Responding to today’s landmark decision of Stockholm’s District Court sentencing a former Iranian official, Hamid Nouri, to life in prison over crimes related to Iran’s 1988 prison massacres, following a trial carried out under the principle of universal jurisdiction, Diana Eltahawy, Amnesty International’s Deputy Director for the Middle East and North Africa, said:
“Hamid Nouri’s conviction and sentence today in Sweden for crimes related to Iran’s 1988 prison massacres is an unprecedented step towards justice for crimes committed in Iran and sends an unequivocal, and long overdue, message to the Iranian authorities that those responsible for crimes against humanity in Iran will not escape justice.
“For more than three decades, survivors and relatives of thousands of political dissidents extrajudicially killed and forcibly disappeared in Iran’s 1988 prison massacres, have struggled for truth and justice. With this first ever ruling against an Iranian official, albeit in a European court, they have finally witnessed an Iranian official held to account for these crimes. This must be followed by all states exercising universal jurisdiction to criminally investigate all other former and current officials in Iran against whom there is evidence of involvement in past and ongoing crimes against humanity, including Ebrahim Raisi, the country’s President.
“This critical ruling must serve as a wake-up call to the international community to tackle the crisis of impunity that prevails in Iran. To address this, members of the UN Human Rights Council must urgently establish an international investigative and accountability mechanism into the most serious crimes committed in the country, including the thousands of cases of enforced disappearances which remain unresolved more than 30 years after the 1988 prison massacres.”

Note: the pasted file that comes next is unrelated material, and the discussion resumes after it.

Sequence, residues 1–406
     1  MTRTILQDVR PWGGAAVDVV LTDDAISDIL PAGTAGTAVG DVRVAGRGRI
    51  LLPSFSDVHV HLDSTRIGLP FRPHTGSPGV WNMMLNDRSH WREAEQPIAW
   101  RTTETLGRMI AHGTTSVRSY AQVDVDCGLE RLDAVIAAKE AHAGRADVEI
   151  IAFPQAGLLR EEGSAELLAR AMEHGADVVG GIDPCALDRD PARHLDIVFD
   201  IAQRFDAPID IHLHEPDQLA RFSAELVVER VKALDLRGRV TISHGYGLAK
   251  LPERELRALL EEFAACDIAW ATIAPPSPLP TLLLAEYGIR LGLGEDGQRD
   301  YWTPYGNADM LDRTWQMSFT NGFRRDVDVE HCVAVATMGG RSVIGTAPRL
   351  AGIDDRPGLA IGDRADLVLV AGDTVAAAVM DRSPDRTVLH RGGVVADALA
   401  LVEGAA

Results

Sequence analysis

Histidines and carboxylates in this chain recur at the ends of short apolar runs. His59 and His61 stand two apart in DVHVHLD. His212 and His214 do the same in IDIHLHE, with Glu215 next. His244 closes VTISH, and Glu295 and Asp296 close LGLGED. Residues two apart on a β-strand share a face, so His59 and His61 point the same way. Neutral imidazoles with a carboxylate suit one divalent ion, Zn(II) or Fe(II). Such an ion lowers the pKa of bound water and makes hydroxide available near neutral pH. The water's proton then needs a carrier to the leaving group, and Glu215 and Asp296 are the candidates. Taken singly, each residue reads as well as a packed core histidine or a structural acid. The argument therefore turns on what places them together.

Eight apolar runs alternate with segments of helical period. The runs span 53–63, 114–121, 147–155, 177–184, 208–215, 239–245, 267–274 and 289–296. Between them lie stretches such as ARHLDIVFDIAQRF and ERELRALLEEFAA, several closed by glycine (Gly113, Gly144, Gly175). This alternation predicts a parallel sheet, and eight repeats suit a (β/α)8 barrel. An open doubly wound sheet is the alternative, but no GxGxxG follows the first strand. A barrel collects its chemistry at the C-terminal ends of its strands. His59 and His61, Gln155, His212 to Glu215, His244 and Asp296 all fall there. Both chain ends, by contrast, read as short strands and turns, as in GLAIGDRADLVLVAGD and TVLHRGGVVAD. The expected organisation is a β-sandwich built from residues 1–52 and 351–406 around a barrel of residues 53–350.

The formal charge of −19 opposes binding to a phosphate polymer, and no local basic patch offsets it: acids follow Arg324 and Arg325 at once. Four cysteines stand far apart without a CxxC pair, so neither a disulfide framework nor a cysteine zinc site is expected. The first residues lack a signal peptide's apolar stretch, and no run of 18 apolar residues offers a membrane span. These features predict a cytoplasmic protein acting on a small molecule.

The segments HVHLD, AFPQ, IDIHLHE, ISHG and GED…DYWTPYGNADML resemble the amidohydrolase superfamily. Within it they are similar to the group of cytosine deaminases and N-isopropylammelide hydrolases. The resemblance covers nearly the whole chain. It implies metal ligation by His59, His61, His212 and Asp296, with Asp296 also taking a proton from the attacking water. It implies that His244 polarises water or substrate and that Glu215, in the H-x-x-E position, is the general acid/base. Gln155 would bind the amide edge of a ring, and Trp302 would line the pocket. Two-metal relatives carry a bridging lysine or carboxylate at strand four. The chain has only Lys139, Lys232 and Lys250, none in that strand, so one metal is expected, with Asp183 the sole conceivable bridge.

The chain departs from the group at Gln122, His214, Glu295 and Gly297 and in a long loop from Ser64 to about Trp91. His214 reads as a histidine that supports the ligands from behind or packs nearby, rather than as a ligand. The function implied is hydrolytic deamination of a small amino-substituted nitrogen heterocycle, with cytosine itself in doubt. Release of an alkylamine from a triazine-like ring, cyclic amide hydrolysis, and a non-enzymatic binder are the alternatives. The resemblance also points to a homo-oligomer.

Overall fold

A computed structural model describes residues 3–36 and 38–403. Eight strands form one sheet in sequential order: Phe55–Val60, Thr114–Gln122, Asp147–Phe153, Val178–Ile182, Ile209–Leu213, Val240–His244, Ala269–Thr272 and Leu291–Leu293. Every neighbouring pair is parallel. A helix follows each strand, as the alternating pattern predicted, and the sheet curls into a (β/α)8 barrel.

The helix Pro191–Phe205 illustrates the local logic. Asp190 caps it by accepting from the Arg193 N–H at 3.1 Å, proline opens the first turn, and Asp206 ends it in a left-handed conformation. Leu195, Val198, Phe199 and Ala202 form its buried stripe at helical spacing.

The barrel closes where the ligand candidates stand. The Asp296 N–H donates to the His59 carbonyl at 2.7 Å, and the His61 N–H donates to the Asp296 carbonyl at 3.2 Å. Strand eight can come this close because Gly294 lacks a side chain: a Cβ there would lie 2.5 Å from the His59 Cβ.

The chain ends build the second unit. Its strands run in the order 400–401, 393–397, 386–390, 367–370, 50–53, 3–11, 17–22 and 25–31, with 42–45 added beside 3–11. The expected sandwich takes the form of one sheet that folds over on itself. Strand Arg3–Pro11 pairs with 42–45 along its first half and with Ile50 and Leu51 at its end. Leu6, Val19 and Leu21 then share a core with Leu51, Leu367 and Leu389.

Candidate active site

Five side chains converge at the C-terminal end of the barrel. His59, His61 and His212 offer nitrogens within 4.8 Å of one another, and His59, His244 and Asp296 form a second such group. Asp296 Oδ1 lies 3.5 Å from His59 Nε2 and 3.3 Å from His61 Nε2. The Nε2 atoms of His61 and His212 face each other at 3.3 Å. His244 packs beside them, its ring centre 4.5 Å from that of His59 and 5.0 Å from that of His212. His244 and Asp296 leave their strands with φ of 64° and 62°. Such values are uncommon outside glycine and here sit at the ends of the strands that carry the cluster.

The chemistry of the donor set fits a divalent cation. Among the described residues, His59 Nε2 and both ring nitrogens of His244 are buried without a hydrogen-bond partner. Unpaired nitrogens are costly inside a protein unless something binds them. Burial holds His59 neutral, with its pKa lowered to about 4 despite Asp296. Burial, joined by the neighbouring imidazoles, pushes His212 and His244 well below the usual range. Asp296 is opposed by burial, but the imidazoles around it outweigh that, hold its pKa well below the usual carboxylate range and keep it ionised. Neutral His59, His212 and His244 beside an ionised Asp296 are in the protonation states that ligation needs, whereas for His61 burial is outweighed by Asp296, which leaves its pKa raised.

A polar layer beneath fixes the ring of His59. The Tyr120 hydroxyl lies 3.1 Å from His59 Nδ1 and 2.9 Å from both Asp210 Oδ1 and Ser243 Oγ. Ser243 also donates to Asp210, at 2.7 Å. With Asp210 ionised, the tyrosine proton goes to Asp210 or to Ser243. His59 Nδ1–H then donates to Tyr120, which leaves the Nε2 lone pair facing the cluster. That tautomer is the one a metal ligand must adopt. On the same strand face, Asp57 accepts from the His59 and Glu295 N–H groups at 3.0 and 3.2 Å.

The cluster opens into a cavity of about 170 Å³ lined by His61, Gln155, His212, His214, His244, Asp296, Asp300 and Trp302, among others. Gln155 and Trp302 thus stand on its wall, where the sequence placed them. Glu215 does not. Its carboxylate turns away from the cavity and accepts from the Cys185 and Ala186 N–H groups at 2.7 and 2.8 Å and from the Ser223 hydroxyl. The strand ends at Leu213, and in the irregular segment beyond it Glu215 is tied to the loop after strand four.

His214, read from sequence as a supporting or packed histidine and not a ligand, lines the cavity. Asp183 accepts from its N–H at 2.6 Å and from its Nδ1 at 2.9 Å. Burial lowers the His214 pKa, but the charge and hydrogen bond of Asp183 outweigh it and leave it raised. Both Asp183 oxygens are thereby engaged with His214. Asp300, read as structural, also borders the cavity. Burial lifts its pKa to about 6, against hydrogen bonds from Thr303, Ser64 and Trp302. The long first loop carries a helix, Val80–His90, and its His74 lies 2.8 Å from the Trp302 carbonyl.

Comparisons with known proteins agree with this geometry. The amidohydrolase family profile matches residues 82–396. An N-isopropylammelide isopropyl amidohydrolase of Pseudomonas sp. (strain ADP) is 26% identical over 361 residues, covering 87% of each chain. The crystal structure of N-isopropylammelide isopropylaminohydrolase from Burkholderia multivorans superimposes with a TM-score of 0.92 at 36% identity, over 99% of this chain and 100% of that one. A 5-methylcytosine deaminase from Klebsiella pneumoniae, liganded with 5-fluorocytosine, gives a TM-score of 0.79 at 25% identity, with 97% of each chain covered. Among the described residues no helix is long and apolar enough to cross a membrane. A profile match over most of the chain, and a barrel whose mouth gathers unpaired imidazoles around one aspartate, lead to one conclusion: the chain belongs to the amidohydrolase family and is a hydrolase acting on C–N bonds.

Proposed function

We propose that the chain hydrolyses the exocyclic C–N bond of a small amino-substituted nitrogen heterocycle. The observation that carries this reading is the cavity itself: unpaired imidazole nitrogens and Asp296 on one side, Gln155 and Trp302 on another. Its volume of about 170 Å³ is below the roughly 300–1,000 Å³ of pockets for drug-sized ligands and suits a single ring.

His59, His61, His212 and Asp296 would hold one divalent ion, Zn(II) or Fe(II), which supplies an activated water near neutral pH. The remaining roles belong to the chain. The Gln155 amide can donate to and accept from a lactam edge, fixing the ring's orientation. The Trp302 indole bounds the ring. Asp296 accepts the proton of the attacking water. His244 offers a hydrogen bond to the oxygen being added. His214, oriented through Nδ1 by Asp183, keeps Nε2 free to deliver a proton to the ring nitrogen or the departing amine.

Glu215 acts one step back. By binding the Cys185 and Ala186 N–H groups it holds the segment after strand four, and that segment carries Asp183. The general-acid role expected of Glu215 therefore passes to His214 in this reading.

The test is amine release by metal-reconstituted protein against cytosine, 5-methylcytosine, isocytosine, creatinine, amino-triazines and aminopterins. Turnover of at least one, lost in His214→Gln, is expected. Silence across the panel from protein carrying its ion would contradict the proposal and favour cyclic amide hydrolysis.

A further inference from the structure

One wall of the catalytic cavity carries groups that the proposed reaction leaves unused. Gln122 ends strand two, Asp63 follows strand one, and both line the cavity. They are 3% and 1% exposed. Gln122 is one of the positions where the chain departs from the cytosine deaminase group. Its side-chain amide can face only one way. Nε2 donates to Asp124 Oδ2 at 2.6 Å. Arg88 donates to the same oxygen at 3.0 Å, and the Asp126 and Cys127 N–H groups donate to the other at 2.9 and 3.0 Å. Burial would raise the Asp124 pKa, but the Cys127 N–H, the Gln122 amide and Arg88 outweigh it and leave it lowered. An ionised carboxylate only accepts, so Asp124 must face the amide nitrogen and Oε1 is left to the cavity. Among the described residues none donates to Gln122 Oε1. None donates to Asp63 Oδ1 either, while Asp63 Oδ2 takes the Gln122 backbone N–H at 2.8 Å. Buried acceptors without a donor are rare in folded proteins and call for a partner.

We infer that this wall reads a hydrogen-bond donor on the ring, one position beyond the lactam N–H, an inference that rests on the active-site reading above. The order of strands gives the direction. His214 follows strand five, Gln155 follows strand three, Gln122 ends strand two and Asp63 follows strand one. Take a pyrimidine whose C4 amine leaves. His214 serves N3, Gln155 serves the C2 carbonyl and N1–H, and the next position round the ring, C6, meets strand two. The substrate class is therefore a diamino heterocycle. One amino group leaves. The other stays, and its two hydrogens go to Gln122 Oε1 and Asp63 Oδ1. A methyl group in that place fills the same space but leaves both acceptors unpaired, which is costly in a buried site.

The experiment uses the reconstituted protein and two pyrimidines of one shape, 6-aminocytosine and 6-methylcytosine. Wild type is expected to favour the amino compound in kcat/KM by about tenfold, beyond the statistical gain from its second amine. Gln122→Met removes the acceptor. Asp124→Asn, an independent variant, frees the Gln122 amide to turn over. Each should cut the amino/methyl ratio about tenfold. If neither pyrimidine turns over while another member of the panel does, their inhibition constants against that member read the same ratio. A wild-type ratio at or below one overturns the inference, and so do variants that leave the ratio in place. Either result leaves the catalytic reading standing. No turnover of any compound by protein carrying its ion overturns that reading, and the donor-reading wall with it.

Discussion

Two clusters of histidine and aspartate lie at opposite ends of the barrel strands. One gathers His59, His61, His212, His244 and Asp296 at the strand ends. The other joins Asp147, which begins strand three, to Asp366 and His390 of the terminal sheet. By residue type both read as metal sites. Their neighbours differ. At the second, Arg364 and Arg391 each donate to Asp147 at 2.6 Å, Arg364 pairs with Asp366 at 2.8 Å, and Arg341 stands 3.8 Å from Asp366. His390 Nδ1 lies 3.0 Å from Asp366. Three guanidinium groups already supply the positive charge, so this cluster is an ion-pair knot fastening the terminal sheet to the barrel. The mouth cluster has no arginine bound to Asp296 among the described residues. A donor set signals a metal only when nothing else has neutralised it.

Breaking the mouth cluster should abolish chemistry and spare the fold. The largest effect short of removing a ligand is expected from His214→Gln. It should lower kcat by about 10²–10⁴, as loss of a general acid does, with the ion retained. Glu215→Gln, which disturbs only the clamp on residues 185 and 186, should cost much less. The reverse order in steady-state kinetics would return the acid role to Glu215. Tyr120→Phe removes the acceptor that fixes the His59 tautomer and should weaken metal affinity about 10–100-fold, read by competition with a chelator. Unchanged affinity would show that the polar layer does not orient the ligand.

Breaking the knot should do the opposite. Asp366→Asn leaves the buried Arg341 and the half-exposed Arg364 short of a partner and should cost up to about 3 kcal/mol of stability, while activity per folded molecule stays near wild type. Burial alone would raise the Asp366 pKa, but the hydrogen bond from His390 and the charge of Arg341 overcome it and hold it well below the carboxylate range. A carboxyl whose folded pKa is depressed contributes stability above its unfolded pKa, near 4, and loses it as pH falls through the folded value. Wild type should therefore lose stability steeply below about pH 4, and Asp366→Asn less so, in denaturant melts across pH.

Consistent with their long-standing pattern of denial and distortion, the Iranian authorities have reacted to the trial of Hamid Nouri by describing it as a “plot” concocted by “terrorists” that relied on “fake documentation and witnesses”.
In a 2018 report Iran: Blood-soaked secrets: Why Iran’s 1988 prison massacres are ongoing crimes against humanity, Amnesty International concluded that, in addition to committing the crime against humanity of murder in 1988 by extrajudicially executing thousands of political dissidents in secret, the Iranian authorities are committing the ongoing crimes against humanity of enforced disappearance, persecution, torture and other inhumane acts, including by systematically concealing the fate of the victims and the whereabouts of their remains.
In 2021, the UN Working Group on Enforced and Involuntary Disappearances called for an international investigation into enforced disappearances arising from the 1988 prison massacres.